Recent Increase in Cyber Attacks

Over the past few months, the financial industry has experienced an increase in fraudulent attempts to gain access to client data, through false disbursement requests. In fact, cyber attacks are now considered one of the largest risks to financial markets in 2019. To keep pace with the times, we have updated a few of our policies to keep you safe.

New Policies to Protect Your Information:

To keep you safe, we now require a phone conversation before we can:

  • accept any request for distribution service
  • make updates to your banking information

Additionally, these are both services that will usually require your signature on file and we will provide you with the requisite paperwork.

Why Do I Need to Call?

While phone numbers, emails and other text-based information can be imitated, it is much more difficult for a hacker to imitate your voice. Even if they were a skilled voice actor, they would still need to know you and be able to imitate you very well. This makes a phone call one of the most secure ways to verify your identity.

Practices We Use With Clients to Keep You Safe Against Fraud:

  • Confirm your disbursement requests directly with a phone call
    • we are not permitted to do so via email
  • Always verify new bank instructions with us. We will never ask you to change your banking information.
  • We cannot trust Caller ID, because it is easy to manipulate, therefore we require communications from a phone number that you provided us for approved communications with you.
  • Optionally, you can provide us with a password for phone verification, but please avoid using it in any email or text communications. We will still need you to speak with us when providing this password, for reasons aforementioned.
  • When you send us an email, we will need to see that it is from an email we have from you on file. However, email will still not be permissible for disbursements or bank information
  • Never provide your username or password to us, or any other company. We can send you a password reset link, but we are not able to view your personal login details.

We Also Protect Your Security in Our Office:

  • We will not click on any links within an email, unless we are 100% positive of its origin. That means we can only open a link you send via email, if we have your email on file.
    • Note: A common scam tactic is to imitate your IT department to get you to click on a link or provide personal information
  • We will never enter a password in an email, or fall prey to other data phising schemes.
  • We keep our office locked after hours and on weekends. We do not even allow cleaning staff to enter the office.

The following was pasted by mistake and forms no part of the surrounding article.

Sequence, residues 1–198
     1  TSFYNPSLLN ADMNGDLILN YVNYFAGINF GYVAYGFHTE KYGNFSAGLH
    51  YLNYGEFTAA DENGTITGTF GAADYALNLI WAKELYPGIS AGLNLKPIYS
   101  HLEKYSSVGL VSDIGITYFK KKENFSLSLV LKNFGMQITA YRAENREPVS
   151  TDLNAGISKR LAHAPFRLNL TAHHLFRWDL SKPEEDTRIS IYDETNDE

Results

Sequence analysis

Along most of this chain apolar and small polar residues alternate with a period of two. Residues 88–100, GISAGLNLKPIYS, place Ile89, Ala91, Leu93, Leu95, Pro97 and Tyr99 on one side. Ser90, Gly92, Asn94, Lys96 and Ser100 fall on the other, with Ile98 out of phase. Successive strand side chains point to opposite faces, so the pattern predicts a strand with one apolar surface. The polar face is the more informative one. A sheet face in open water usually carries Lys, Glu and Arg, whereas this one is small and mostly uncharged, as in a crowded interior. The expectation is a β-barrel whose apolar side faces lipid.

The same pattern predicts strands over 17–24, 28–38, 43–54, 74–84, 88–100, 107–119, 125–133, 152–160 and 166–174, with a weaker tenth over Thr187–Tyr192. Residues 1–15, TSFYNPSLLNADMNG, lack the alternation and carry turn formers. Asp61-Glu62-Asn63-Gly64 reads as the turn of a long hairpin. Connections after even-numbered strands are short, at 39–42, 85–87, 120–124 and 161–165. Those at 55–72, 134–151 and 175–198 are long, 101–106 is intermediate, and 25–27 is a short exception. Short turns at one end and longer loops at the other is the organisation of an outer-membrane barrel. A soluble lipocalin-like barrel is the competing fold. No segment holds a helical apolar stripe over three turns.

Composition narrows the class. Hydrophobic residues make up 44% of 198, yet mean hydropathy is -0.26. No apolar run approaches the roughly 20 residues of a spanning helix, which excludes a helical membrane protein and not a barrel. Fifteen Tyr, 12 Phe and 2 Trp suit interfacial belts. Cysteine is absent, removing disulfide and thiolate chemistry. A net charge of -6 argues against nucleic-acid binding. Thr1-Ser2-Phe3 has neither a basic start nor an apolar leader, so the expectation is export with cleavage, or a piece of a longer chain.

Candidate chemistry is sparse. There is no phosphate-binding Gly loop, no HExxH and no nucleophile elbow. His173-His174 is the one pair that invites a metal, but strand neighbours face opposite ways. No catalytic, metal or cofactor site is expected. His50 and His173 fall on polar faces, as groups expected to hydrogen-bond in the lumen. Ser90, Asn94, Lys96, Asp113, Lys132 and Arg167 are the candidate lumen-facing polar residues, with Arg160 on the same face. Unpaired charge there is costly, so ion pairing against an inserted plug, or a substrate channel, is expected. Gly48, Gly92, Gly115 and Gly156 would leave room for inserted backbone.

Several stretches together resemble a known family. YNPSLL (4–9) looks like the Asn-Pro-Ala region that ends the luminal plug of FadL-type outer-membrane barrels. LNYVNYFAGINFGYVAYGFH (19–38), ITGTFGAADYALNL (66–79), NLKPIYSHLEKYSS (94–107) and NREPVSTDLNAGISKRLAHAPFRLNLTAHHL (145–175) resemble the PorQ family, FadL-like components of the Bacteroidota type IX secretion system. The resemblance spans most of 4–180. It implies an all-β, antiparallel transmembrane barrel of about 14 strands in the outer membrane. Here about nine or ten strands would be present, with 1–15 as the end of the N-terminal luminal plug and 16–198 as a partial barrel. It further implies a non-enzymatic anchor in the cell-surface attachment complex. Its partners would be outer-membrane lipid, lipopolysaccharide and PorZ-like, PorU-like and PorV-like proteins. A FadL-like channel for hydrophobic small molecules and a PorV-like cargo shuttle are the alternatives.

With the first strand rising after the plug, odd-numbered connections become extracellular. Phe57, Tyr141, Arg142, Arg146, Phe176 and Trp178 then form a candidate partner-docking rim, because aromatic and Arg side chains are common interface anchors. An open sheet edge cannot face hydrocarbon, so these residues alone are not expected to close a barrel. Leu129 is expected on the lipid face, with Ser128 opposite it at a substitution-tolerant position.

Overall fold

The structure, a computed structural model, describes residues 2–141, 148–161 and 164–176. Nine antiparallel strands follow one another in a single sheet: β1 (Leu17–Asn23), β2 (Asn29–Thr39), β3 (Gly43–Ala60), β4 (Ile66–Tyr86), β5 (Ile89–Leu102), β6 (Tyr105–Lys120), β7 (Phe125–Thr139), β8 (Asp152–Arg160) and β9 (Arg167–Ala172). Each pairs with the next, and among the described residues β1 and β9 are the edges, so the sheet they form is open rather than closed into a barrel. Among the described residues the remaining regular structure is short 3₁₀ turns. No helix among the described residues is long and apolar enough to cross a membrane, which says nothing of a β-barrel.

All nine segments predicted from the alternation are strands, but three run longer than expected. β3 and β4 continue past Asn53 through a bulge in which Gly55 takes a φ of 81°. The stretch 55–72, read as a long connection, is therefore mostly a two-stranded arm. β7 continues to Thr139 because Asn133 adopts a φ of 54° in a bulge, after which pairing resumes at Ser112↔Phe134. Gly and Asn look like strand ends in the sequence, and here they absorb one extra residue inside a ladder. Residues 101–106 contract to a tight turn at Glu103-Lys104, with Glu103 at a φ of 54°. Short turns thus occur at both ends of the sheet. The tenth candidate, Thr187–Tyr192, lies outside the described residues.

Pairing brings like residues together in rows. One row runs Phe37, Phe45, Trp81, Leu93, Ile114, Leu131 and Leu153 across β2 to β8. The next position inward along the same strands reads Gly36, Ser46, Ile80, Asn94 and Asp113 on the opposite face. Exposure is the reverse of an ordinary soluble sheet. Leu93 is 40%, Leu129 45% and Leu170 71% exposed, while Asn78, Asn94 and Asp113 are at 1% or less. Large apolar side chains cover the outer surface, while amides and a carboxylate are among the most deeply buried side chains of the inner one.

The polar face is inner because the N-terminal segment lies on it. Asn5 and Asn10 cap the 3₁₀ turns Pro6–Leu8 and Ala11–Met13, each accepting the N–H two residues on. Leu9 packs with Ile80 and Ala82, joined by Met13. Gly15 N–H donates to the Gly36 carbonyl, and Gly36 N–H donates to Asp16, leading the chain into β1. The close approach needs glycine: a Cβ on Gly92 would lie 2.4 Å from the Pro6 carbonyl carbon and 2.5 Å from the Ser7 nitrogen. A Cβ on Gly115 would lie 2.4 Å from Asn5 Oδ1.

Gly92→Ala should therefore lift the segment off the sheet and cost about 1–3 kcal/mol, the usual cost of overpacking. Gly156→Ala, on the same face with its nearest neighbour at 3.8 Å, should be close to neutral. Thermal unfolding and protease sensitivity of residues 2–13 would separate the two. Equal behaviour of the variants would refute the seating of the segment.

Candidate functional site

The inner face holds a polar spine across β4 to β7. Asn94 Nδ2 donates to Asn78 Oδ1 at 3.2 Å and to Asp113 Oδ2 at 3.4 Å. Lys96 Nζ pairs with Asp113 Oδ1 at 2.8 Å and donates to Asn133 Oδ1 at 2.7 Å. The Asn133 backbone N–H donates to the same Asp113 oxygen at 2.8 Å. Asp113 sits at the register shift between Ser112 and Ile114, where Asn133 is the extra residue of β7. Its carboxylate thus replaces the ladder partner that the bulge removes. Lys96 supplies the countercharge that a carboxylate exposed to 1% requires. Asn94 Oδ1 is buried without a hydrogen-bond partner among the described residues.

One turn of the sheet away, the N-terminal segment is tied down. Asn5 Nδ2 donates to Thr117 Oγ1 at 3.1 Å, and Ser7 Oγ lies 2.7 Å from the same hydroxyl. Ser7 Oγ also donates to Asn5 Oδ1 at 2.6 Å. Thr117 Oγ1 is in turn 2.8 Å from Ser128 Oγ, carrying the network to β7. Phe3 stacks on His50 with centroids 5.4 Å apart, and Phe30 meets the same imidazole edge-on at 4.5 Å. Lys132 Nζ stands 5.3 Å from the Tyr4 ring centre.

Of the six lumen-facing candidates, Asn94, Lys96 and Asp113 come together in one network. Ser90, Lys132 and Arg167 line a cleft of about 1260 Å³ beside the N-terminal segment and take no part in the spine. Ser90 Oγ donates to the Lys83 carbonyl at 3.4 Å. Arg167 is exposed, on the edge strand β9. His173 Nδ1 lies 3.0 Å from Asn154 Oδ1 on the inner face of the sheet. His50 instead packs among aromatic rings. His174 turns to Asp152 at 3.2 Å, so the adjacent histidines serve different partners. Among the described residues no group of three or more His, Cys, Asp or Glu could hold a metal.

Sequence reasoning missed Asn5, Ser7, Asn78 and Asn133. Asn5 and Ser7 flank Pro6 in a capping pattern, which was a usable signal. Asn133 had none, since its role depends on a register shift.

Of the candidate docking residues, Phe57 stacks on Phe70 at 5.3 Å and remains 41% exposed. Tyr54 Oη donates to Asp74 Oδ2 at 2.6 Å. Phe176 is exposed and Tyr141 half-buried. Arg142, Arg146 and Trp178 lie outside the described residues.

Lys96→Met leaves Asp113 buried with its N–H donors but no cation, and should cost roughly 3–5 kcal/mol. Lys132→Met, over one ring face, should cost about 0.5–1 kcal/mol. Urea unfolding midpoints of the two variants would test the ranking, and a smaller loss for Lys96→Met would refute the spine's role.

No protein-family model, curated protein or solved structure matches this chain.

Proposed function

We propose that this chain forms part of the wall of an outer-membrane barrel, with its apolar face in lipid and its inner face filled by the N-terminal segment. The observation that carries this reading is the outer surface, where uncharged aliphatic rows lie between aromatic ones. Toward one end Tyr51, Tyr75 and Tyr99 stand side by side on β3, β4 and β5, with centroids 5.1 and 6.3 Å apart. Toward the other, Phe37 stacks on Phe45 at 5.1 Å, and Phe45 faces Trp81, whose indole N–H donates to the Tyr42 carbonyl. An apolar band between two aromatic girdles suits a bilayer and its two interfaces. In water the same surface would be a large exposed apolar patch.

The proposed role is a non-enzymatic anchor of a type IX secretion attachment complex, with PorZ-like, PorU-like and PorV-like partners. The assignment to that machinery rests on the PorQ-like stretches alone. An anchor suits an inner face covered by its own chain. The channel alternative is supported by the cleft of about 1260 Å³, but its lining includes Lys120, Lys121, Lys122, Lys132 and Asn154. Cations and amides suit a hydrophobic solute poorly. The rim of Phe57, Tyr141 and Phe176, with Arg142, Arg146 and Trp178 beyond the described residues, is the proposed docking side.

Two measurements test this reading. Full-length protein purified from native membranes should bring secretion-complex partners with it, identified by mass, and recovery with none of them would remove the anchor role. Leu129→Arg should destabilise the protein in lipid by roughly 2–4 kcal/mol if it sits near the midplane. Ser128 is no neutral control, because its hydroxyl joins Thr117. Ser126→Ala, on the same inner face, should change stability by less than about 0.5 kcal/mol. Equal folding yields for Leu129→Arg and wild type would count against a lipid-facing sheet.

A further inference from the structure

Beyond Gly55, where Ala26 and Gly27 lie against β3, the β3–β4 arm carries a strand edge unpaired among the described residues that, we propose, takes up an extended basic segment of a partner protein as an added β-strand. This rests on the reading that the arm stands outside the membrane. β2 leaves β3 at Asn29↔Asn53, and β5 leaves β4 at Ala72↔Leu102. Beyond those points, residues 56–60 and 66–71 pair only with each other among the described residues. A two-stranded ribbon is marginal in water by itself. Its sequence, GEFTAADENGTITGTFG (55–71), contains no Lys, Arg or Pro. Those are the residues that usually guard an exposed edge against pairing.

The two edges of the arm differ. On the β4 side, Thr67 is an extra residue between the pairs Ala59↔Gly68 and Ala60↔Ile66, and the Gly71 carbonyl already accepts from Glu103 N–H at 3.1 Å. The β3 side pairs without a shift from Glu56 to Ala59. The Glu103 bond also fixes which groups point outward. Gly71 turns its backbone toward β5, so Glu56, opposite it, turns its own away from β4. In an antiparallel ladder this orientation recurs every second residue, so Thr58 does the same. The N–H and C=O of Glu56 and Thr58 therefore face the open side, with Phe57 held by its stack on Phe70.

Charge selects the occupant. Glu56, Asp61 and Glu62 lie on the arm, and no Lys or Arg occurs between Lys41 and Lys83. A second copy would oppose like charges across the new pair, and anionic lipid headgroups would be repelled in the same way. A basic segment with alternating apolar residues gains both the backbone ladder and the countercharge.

• Our anti-virus and spyware software is up-to-date
  • Our wi-fi network uses a secure password.
  • Paper files are stored in locked filing cabinets
  • Our financial planning software utilizes strong encryption

General Best Practices Against Fraud:

  • When you check the mail, be sure to shred any credit card offers and banking information. Identity thieves can pretend to be you by using this information and may be able to obtain a credit card in your name through an introductory offer.
    • It is a good idea to hide any important information, such as bank account info or social security numbers in permanent Sharpie marker, as well.
  • Do not believe any communications from strangers claiming that:
    • You just won money, or inherited money from a distant relative’s bank account
      • If you have doubts, please contact the banking institution. Banks will disclose when these claims have any validity.
      • Do not trust claims that you need to make a bank transfer to a third party, before you can receive something of value
      • Do not trust any request to provide bank details to anyone

        Image result for fraud call meme

        One of the most common scams claims that you inherited money from a Nigerian prince, but you need to send him payment for the transfer. This scam has been around since the 90s.

  • Scammers frequently imitate the IRS, but the IRS will never:
    • “Call to demand immediate payment, nor will we call about taxes owed without first having mailed you a bill.” (quoted directly from the IRS)
    • “Demand that you pay taxes without giving you the opportunity to question or appeal the amount they say you owe.”
    • “Require you to use a specific payment method for your taxes, such as a prepaid debit card.”
    • “Ask for credit or debit card numbers over the phone.”
    • “Threaten to bring in local police or other law-enforcement groups to have you arrested for not paying.”
      • The IRS does not use unsolicited email, text messages or any social media to discuss your personal tax issue, for details on IRS scams, click here.
  • Scammers posing as debt collectors may make similar threats as scammers pretending to be the IRS. You can claim to be anyone on the phone and we can’t trust these claims.
  • Often seniors are the target of fraud and scams. You can find more information about common scams on

We Are Here to Help You

We are here to help and we do our best to provide you with quality financial advice and services. As such, we want to keep you safe and created this blog post to give you more information on scams that put your finances at risk.

We are happy to service you and we value your account security. If you believe that your computer has been compromised, or you have received a fraudulent email from someone claiming to be us, please contact us immediately: (512) 638-9499.